November 18, 2010


It is a game to me, and one I like to pass on to the children, to become more knowledgeable about the plant and tree life around us, especially the ones we come in contact on a daily or weekly basis.  

As time goes on, it is no longer called a tree but becomes a Shagbark Hickory, a Grey Birch or a Red Oak . . .  not a shrub but a Winterberry, Serviceberry, or Forsytheia. You get the picture. 

The game:
~ Choose something in our natural world that we have exposure to.
~ How many of its kind can we discover as we explore?
 ~How can we describe it? Let's observe up close and use magnifying glasses and all our senses.
~ How can we draw it? Let's just draw what we see.  
~ How can we make something with it or incorporate it into our play?

This is not a game with rigid rules with a *you have to do this* kind of thing. This is just how it has come to be and it flows.

You might think this is not a game, not a fun game. Ahh but it is. The children have exposure to nature in the real world and they want to know more. It has meaning to them because all of it is part of their world. They can see, touch, hear and smell all the wonder around them.

We played a cattail game recently. We have seen them in each season, from the young new green growth which is spread in the damp soil by rhizomes, 
to the fluffy cotton the catttail turns into in order to disperse of its seeds.    
First we discover all the places we find them . . . 

                                        in the pond

in the marshy earth

                        Then we look and touch and observe from all angles, using all of our senses.

And we draw what we see. You might see something different than me.

and we color in and make it our own.

 We learned that the cattail leaves are used to make woven chair seats and backs and also as rugs and mats.  The children collected some leaves and realized just how long they are.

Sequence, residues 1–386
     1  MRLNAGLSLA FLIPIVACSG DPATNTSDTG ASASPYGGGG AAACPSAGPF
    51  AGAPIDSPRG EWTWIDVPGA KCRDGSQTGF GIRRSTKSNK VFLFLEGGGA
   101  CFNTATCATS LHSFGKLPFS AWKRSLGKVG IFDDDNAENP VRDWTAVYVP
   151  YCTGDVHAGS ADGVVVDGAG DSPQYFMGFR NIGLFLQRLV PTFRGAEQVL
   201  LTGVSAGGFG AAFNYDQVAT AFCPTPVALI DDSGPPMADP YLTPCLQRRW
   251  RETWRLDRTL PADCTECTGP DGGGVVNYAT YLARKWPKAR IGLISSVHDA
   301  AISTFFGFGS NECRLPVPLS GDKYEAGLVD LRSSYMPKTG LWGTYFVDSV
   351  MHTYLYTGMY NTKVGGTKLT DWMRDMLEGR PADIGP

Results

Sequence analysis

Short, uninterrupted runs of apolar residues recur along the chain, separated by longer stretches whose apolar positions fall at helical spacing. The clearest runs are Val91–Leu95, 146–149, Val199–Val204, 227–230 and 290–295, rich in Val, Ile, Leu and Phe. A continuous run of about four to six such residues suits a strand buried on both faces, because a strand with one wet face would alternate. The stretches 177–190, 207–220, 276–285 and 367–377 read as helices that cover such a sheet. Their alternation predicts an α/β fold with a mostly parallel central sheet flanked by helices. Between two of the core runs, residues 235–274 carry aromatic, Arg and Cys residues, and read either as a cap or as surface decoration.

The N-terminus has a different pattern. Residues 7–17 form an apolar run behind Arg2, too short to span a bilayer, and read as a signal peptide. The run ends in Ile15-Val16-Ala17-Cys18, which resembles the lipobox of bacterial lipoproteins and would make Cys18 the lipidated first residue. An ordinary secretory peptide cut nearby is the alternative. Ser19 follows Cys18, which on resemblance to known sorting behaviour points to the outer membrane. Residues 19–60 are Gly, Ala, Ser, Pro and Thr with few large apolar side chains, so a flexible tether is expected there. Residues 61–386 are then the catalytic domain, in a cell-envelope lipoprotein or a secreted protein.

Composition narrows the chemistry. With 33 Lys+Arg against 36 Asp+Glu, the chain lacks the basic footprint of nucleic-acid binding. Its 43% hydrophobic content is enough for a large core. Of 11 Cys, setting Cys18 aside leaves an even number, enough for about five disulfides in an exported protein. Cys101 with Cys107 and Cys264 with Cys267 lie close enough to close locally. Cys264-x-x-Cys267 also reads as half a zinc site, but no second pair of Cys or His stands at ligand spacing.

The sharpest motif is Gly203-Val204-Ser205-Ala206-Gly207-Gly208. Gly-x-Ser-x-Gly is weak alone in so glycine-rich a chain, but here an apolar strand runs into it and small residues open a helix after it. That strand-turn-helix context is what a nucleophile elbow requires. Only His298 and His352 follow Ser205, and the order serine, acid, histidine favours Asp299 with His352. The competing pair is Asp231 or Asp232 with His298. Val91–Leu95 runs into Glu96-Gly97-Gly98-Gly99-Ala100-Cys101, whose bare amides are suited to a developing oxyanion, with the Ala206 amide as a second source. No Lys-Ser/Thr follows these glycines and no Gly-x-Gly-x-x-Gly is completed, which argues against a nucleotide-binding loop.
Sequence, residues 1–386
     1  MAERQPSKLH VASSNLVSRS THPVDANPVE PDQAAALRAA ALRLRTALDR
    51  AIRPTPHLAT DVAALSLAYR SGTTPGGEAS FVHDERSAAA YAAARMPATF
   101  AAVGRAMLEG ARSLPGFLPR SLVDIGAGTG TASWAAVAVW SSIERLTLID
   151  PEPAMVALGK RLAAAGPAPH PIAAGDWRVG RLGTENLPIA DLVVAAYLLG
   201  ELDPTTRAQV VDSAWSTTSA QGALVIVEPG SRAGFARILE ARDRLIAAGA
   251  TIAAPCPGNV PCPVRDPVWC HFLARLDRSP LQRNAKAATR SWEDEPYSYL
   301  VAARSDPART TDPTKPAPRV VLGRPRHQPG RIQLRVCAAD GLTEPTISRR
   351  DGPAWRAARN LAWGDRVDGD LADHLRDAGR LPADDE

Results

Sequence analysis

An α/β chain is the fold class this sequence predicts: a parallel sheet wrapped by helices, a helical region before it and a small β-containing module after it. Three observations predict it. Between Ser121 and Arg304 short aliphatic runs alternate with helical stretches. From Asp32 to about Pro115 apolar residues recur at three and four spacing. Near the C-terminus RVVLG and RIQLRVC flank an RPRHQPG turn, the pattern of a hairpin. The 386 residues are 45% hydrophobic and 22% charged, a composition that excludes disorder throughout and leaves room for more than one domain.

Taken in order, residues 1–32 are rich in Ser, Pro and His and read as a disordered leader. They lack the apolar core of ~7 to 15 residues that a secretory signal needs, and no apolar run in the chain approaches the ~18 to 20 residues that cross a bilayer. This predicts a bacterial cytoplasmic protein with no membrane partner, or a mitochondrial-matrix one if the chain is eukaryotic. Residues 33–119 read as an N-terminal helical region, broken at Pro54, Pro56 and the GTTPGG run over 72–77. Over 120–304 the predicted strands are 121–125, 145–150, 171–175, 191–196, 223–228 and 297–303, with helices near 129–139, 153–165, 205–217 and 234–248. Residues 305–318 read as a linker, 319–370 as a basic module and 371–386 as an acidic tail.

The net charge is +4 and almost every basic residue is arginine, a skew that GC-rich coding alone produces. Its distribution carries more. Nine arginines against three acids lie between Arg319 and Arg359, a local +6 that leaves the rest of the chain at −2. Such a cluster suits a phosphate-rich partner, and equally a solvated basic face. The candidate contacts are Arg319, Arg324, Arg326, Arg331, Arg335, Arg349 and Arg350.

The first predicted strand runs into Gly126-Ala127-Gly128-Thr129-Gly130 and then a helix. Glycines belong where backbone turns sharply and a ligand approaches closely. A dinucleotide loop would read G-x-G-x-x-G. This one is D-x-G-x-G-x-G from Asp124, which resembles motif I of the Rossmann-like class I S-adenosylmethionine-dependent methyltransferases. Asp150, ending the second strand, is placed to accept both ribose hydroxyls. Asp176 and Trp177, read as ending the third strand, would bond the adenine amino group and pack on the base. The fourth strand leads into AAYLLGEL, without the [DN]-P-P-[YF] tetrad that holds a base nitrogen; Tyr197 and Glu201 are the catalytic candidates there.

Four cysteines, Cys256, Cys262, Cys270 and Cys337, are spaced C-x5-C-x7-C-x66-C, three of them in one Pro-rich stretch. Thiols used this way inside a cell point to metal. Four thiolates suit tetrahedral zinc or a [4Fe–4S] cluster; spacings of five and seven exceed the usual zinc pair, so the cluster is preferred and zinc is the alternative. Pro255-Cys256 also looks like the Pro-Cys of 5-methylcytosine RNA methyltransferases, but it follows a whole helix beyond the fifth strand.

They braided them . . . 

and made headbands, 

necklaces . . . 

and bracelets.

When we have a personal connection to something in nature, we want to know more and more and more. It has meaning for us. It is only then that we delve deeper, to learn even more about our *nature finds* in our game.

Perhaps you would enjoy this game at your house  :)

                                      happy day!


Lise said...

We recently went in search of cattails so Lucy could really know them (she knew them from the red-winged blackbird illustration in a book) and had so much fun banging them on the road to let the seeds fly. The toddler version of the game.

Thanks for the Burgess recommendation. Will check it out!

Phyllis said...

There is no better game, in my book.

The Knitty Gritty Homestead said...

Thanks for stopping by my space! Early in the school year we took a walk around our lovely school yard and collected bits of nature...later, the children explored with their 4 senses (not taste!), and drew what they saw...their perspective was remarkable, their representations beautiful. A lovely post!

Sparklee said...

Great photos--looks like everyone had fun! I totally agree that a personal connection makes us want to learn more!